IUCN threat status:

Critically Endangered (CR)


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Habitat and Ecology

Habitat and Ecology
Information on the ecology of the Pygmy Raccoon has been summarized in Cuarn et al. (2004), McFadden (2004), and de Villa-Meza et al. (in press). The Pygmy Raccoon prefers mangrove stands and sandy areas, but they are also found in semi-evergreen and subdeciduous tropical forests and agricultural areas. Abundance varies considerable among vegetation types. Main subpopulations are restricted to coastal areas of the island, and vast areas of the central part of the island are uninhabited or have very sparse subpopulations. The Pygmy Raccoon may inhabit areas that are in proximity to human settlements, as well as to paved and unpaved roads (Cuarn et al. 2004, McFadden 2004, Garca-Vasco 2005, Copa-Alvaro 2007).

Pygmy Raccoons are mainly nocturnal, although it is not uncommon to see them during daylight (Cuarn et al. 2004, Garca-Vasco 2005). Generally it is a solitary mammal, which could sometimes form family groups (Cuarn et al. 2004, Jones and Lawlor 1965).

The Pygmy Raccoon is an omnivorous species, with preference for crabs but followed by fruits, insects, crayfish, and small vertebrates (McFadden et al. 2006, Martnez-Godinez 2008). The relevance of the different food items varied importantly between seasons and sites, and following major changes in habitat quality due to hurricanes (McFadden et al. 2006, Martnez-Godinez 2008).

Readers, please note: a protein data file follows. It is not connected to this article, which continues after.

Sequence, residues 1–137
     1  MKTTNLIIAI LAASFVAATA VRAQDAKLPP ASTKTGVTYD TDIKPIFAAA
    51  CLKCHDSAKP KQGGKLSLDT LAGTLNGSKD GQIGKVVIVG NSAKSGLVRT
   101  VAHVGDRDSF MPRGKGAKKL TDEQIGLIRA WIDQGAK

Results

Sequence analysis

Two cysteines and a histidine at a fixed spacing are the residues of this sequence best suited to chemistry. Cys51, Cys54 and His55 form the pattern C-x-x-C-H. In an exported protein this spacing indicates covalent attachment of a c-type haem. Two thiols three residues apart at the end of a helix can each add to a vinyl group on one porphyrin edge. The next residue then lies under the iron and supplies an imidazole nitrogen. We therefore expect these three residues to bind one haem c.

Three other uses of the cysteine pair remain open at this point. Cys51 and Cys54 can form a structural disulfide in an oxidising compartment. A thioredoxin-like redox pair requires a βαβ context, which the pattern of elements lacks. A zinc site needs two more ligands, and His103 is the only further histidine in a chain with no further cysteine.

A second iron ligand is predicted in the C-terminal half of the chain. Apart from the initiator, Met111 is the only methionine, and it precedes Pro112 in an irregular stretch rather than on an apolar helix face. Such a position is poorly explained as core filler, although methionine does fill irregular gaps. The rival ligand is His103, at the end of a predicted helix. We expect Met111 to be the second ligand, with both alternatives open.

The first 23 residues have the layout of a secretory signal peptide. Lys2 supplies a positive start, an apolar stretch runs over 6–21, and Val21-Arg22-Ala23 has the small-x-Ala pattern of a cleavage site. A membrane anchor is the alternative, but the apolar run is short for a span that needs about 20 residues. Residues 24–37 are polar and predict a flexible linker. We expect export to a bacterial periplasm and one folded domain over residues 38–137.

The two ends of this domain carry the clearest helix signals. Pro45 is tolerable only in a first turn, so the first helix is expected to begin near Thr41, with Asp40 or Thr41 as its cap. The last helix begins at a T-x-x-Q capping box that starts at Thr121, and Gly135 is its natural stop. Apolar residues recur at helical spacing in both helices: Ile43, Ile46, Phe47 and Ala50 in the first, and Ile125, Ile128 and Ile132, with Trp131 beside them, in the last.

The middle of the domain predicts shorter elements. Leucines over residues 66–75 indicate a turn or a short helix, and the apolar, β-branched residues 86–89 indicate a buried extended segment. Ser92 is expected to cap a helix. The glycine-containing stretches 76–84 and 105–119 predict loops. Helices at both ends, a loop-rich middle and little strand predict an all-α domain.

The Pygmy Raccoon is particularly vulnerable to introduced pathogens and diseases such as mange, rabies and dog distemper from exotic animals (Cuarn et al. 2004, McFadden 2004, Mena 2007). The parasites Eimeria nutalli, Placoconus lotoris, Capillaria procyonis, Physaloptera sp., a mite in the family Listrophoridae, and a trematode in the family Heterophyidae have been collected from P. pygmaeus individuals (McFadden et al. 2005). The identification of Toxoplasma gondii in some Pygmy Raccoons suggests a recent spillover from domestic cats (McFadden et al. 2005). It has been identified that the Pygmy Raccoon has been exposed to infectious canine hepatitis, canine distemper and feline panleukopenia viruses (McFadden et al. 2005, Mena 2007).

Genetic information indicates that Pygmy Raccoon individuals share the same mtDNA haplotypes, suggesting a recent population bottleneck that might be related to the founder effect (McFadden et al. 2008).

  • Terrestrial


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Source: IUCN


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